The red poppy does not support war or anything like it. The wearing of a poppy is rememberance for those that were killed, injured and served their country in a time of need. 

Submitted by Kate McLaren on Tue, 04/11/2014 - 20:52  Kate, I can appreciate your reasoning but the poppy is to commemerate the unnecessary sacrifices of our Armed Forces in war, not to support war  itself. It can be no different in comparison to laying flowers on a relative or friends grave as a form of remembrance.  You  could say your protest is the same as turning up at a funeral in disrespectfully brightly coloured clothes when everyone else is in black. No one likes war.  

Poppies - a tradition we must continue!

The people who have served and still serve in our forces do so as they are prepared to sacrifice their lives to protect those of us who are not able or simply not willing to do so. Sometimes war is inevitable, if an enemy attacks should we just roll over and surrender or should we fight to defend ourselves? How much nicer would the world  be if we could all just be at peace, well it will never happen, there are too many different religions, races, opinions for everyone to agree on everything, so there will always be fighting to some degree.  It deeply saddens me that many people don't seem to appreciate what men & women suffer whilst out on the front lines fighting in our names. There are no longer any men alive that fought for us in the 1st world war, and not too far in the future will all those who served in the 2nd world war will be gone too and my concern is once there is no-one left to tell the stories how easy will it be for people to forget. That's why we must continue the tradition of wearing poppies to teach our new generations their history. No-one should be in fear of hostility for wearing a poppy, I would never say anything to someone not wearing a poppy, however I would be wondering to myself why they weren't wearing one, my husband is an avid supporter of the forces. but is quite likely to forget to get a poppy or lose it if he does have one, but there are clearly people out there who choose not to wear one as some kind of political protest and this to me is shameful and I would question whether these people would be prepared to put their life on the line for the sake of others.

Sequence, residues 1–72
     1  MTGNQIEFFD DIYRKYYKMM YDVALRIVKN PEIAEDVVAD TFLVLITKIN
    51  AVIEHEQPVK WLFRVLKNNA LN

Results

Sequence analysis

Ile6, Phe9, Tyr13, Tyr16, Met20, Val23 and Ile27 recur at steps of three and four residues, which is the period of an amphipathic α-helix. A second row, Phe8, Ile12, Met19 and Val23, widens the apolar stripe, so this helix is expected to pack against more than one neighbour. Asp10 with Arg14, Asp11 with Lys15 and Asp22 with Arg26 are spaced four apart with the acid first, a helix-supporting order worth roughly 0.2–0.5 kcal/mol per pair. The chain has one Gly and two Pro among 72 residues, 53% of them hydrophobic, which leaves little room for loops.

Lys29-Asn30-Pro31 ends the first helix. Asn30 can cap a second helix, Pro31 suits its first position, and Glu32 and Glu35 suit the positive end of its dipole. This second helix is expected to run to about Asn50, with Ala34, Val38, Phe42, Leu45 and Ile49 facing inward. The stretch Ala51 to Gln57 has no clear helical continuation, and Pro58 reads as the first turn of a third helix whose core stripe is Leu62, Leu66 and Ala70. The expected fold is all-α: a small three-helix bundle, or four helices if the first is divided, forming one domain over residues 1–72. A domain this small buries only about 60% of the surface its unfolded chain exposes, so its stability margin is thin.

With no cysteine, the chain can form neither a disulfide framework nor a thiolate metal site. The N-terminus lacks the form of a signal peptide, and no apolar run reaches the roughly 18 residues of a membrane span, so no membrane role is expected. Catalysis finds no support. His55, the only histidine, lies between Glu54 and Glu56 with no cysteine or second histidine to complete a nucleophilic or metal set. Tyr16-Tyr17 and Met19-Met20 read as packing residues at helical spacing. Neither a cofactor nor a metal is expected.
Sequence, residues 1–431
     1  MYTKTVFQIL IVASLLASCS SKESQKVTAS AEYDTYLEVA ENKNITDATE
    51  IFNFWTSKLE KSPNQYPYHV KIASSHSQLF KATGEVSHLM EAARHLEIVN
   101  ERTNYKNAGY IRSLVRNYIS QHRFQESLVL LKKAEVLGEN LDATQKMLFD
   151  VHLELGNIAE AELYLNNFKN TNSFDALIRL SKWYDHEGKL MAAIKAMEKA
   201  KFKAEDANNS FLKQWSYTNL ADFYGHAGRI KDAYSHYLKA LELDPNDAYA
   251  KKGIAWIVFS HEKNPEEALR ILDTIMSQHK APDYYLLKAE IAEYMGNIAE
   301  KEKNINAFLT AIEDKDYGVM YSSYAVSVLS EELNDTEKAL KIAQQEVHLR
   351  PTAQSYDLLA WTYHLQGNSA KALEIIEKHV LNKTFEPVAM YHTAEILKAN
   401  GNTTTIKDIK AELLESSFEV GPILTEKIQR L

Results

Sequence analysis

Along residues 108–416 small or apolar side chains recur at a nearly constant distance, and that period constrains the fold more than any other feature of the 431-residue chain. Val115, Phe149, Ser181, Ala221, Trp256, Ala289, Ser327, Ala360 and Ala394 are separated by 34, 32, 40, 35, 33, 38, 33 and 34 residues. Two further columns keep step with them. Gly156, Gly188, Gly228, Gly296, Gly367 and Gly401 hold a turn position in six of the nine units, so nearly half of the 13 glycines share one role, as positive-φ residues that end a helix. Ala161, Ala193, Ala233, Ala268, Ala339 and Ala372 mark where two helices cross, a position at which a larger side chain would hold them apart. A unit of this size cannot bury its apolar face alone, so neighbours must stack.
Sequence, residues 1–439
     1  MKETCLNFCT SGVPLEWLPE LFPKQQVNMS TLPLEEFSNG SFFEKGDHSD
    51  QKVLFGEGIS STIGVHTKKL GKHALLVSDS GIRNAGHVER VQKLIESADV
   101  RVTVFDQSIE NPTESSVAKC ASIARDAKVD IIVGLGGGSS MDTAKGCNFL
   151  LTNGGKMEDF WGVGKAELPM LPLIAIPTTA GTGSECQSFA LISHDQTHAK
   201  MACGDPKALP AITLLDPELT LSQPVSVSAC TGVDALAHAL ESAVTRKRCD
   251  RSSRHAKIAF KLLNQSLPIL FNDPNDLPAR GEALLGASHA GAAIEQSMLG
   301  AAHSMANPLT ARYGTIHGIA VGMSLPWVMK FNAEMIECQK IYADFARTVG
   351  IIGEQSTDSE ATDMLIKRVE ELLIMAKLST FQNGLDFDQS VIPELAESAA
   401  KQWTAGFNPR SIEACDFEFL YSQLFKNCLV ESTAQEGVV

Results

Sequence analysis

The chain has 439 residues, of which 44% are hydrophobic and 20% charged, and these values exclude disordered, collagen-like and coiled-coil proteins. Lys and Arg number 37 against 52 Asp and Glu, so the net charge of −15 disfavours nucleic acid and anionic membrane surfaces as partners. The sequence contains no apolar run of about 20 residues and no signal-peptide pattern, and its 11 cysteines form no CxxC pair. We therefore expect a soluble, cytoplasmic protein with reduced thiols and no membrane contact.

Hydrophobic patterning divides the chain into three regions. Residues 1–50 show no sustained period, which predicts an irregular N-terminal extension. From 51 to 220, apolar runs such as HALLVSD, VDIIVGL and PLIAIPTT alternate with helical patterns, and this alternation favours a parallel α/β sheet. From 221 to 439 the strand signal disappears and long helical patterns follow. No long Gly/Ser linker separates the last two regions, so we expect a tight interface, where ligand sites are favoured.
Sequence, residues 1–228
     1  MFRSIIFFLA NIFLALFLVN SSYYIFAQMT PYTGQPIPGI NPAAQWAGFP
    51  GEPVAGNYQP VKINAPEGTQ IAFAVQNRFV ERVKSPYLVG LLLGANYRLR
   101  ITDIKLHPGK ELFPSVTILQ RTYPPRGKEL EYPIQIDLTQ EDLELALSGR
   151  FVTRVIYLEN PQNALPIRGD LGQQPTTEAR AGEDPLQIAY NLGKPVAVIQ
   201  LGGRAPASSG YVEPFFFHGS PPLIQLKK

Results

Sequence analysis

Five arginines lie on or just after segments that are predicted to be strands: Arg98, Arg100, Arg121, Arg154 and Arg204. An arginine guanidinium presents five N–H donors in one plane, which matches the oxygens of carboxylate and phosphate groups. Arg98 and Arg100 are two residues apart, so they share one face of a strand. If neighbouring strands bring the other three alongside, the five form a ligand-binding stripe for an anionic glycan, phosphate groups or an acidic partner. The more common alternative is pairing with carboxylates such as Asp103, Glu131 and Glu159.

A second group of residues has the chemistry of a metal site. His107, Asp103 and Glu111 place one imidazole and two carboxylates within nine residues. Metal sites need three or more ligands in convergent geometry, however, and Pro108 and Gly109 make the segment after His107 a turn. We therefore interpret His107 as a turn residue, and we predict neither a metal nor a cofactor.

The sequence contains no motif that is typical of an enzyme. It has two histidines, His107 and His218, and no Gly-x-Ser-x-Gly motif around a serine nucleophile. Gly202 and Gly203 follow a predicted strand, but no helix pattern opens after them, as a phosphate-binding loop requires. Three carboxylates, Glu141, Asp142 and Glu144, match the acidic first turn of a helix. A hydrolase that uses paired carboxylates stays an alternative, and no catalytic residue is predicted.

I wear a poppy, several of them actually, and am proud to do so as is everyone I associate with. I have never met anyone or encountered any hostility over such a dosplay of support with the exception of the COWARDLY attack on gunner Rigby. Anyone displaying hostility to a poppy wearer should be slow roasted over an open bar b que. That sums up my attitude to the undoubtably cowardly slime that would abuse anyone who supports our troops.

I proudly wear my poppy all year, and if anyone doesn't like it, then that's their problem!!

! am a ''poppy day collecter'' and collect in several pre agreed streets and have done so for a few years now. I find that only the (very) odd house will actually refuse - many will say they already have their poppies but more than 60% of those will still give cash into my collecting tin which I really do appreciate. As a ''regular'' now some will wait for me to call.  We collecters are (theoretically) only allowed to collect between allotted dates - and it is annoying to find many shops etc.with poppies available several days prior - BBC newscasters etc. take note.!!     However, as a donation,from whatever source and on whatever date is so very necessary....it is something to live with I suppose rather than to moan.

I wear my poppy with pride, although 99.9% of catholics refuse to wear or even buy and even complain it's offensive were I come from, the reason being it's british, hey, that's ireland for you.

I have always worn a poppy from being at school. But even though I buy a red poppy, I now wear a purple poppy which I feel should be given more publicity. The purple poppy is a tribute to all of the animals who have helped and given their lives during war times. Just think of the millions of fallen horses in WW1 - much publicity is given to the fallen soldiers but, if it were not for the horses the war may well have been lost (Who knows!). It's not just horses but birds, dogs and many others provide a service in times of war/conflicts. Even today we find dogs on the front line seeking out bombs etc - they should be applauded too.

I havnt heard of the purple poppies. If I had seen them I would definatly of bought one as a tribute to the animals who helped out during war times. I always buy and wear a red poppy, have done for many years now. I think it is disrespectful not to wear one in memorie of all the fallen during the wars.